It’s all Elizabeth Hoyt’s Fault!
My best writing pal in the whole wide world has left me. Yes, she used to live a short drive away. We would meet regularly to gossip…er NETWORK, talk about our current work in progress, and drink coffee. Oh yeah, there would be lots of writing too. But now she has left me to live in a whole different state! Something about closer to family, blah, blah, blah. I ask you, aren’t I family? *sigh* I went into mourning and I’m not sure I’ve come out yet.
The problem is that I’m an extrovert. I need the contact of other writers or I go a little (lots) nuts. So what did I do when my local bestie left me?
- Did you see those footprints on the walls? That’s what I did while watching a Firefly marathon and eating Cheetoes until unmentionable parts of me turned orange.
- I wrote like a fiend in retaliation. Who needs a friend close by? Not me. I’ve got my laptop plus Plants vs. Zombies 2. Forget her. I’m going to write constantly.
- I couldn’t deal. I left for Orlando’s Disney World and refused to come back. I’m writing this now hidden in the basement of Cinderella’s castle and dodging security.
- I joined a local writer’s group and am expanding my abilities with all the genres including poetry. BTW, I suck at poetry in case anyone wondered.
Answer: D. Although all the rest apply as well. Yeah, I am indeed stir crazy and marathons have happened, though not the Cheetoes. Chocolate of any kind is my choice. I did try to write like a fiend but failed. I did, however, kill many vast armies of zombies. And I did visit Orlando, though we went to Hollywood Studios and Sea World instead. Sadly, no one would let me hide out in Cinderella’s castle.
But mainly, I tried to expand my local writer friendships by joining a new writer’s group. They’re great people in a variety of genres, and I enjoy their company. They have something called a random prompt write up. They draw two random nouns out of a hat and we had 45 minutes to write a scene based on those random prompts. What did we get? Pig and Servant.
Here’s what I wrote. It’s not long and it’s funny. Right after the text you can guess why it doesn’t work and had to be completely deleted.
“Jesus fucking Christ…” The litany of curses went on as Thomas William Swathmore, Earl of Twindell, squared off with the maniacal pig. “It’ll be easy, he said. Sweet money from an old dodger, he said. He didn’t ever say squat about chasing a pig.”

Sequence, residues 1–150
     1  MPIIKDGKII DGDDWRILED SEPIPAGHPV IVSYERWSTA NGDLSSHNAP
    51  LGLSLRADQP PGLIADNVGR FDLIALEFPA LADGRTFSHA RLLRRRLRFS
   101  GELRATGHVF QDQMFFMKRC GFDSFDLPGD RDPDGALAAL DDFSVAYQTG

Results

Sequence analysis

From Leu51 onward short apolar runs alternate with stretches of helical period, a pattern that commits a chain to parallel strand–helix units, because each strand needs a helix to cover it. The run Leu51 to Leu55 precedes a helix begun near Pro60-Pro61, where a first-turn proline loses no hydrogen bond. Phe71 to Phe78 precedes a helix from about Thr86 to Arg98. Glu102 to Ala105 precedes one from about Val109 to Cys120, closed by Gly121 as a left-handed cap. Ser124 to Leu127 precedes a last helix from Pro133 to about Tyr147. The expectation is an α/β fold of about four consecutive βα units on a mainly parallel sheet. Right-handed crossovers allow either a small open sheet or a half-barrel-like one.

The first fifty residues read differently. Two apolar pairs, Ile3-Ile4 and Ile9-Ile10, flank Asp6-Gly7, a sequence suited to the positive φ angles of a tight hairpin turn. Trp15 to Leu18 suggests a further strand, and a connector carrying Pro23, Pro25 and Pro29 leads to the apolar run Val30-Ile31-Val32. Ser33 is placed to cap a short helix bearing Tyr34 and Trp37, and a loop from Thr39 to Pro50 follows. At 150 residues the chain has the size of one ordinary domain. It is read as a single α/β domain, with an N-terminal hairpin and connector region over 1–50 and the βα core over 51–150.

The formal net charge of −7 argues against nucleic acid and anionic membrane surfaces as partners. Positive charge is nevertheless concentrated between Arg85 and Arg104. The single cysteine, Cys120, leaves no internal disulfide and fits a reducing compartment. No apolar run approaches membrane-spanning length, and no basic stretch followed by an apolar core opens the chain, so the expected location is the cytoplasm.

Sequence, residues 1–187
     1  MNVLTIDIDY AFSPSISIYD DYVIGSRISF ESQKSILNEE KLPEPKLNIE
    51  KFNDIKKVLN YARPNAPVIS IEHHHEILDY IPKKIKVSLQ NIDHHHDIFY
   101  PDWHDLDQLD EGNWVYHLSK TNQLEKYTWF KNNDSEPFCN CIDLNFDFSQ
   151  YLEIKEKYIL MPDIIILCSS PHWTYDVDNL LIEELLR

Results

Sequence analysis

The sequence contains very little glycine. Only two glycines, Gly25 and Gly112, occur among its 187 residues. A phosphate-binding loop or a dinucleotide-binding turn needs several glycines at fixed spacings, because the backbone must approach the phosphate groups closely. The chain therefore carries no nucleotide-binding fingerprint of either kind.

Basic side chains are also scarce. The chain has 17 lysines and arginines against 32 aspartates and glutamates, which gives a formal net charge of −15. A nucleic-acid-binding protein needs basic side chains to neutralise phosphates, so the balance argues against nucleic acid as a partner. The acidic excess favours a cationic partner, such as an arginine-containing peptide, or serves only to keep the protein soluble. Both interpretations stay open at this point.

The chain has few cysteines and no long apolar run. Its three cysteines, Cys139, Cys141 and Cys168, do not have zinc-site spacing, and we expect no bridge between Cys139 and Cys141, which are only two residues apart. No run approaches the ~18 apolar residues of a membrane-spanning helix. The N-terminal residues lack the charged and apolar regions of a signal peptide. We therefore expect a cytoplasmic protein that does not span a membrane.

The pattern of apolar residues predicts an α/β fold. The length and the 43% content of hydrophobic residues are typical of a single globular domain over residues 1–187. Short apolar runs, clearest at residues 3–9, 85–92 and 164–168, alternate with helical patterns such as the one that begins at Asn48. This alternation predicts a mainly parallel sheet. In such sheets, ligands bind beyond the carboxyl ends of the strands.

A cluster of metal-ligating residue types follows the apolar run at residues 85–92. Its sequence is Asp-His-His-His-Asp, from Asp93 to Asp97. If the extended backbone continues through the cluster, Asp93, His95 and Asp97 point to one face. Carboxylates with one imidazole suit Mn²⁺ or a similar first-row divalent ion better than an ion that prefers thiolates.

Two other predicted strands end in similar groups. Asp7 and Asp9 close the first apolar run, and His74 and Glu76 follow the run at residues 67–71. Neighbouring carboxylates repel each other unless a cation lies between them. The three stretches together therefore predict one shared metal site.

“Quit yer grumbling,” called his cohort in crime. “It’s just a pig.”
“It’s a mean pig, is what.” The thing had already shouldered him backwards then sat on him. It had taken ten minutes of cursing just to free his leg.
“And you’re a mean man. Git him to move.”
Thomas glared over his shoulder at his “sister.” Mary Bluebell she called herself, but he knew it wasn’t her real name, just as he wasn’t really her brother Tom. But here they were, sister and brother out to uncover a pirate’s treasure trove or so Mary had told him. She had a map and everything, written in a shaking hand.
Sadly, the damned treasure was under a pig trough. And it was guarded by a huge monster of a beast.
“Just start digging. He’ll move,” Mary suggested.
“You start digging. I’m already up to my knees in muck.” And his hip was hurting like the devil. Jesus, who knew something that fat could hit that hard?
“Wot and miss the show?”
“What, not wot,” he corrected without even looking at her. “Go check and make sure the master hasn’t got up from his nap.”
“With as much liquor as I put in his tea, he’ll be sleeping fer a week.”
He didn’t bother to correct her accent this time. She was keeping her h’s in and that was enough. Especially since they were supposed to be servants hired out for a few weeks until they had enough money to make it to London. She was a maid of all work, and he was butler, footman, and farmhand all rolled into one. Mary served tea and dusted the furniture. He carried furniture down from the attic and mucked out stalls. If his father could see him now, the old bastard would roll in his grave.
So that was something, at least. He was pissing on his ancestors great name.
And just like that, his thoughts turned into reality. While he was dreaming of pissing on his father’s gravestone, the bastard pig lifted its own leg, giving him the chance.
“There you go, you bastard!”
He dove forward and rammed his shoulder straight into the massive thing. Caught with one leg in the air, the pig was off balance. He fell backwards with a squeal giving Tom enough time to grab it around the middle and haul it toward the gate.
“There ya go!” Mary was being helpful by pulling open the gate. “Right on through. ‘Ere’s a nice ripe turnip fer you.”
It was hot, sweaty work, but they got the thing through. While Mary tossed it another turnip, Tom slammed the gate closed on the thing. He was covered in muck from head to toe, slop matted the hair over one ear, and he was breathing worse than the old coot’s plowhorse, but the evil pig was in the other pen.
“Finally,” Mary breathed with a satisfied smile.
He would have agreed if he’d had the breath. Instead, he let his head hang–his arms were already braced on his thighs–and just breathed for a minute.
“Well, what you waiting for?”
He glanced up. She really was pretty there, perched on the fence. The sunlight danced on her auburn curls, bringing out the red in her hair. Her eyes were a bright claret, a color and a wine which had always appealed to him. But mostly it was the freckles that drew his eyes. Light dusting across her nose and then into her cheeks. More on the left than the right, but all of it charming.
“Come on,” she said, holding out the shovel. “Dig!”
He straightened up to his full height, rolling out his shoulders. Damn, he’d done more work in that last twenty minutes than he had in the first twenty years of his life. He counted that more than enough work for one day.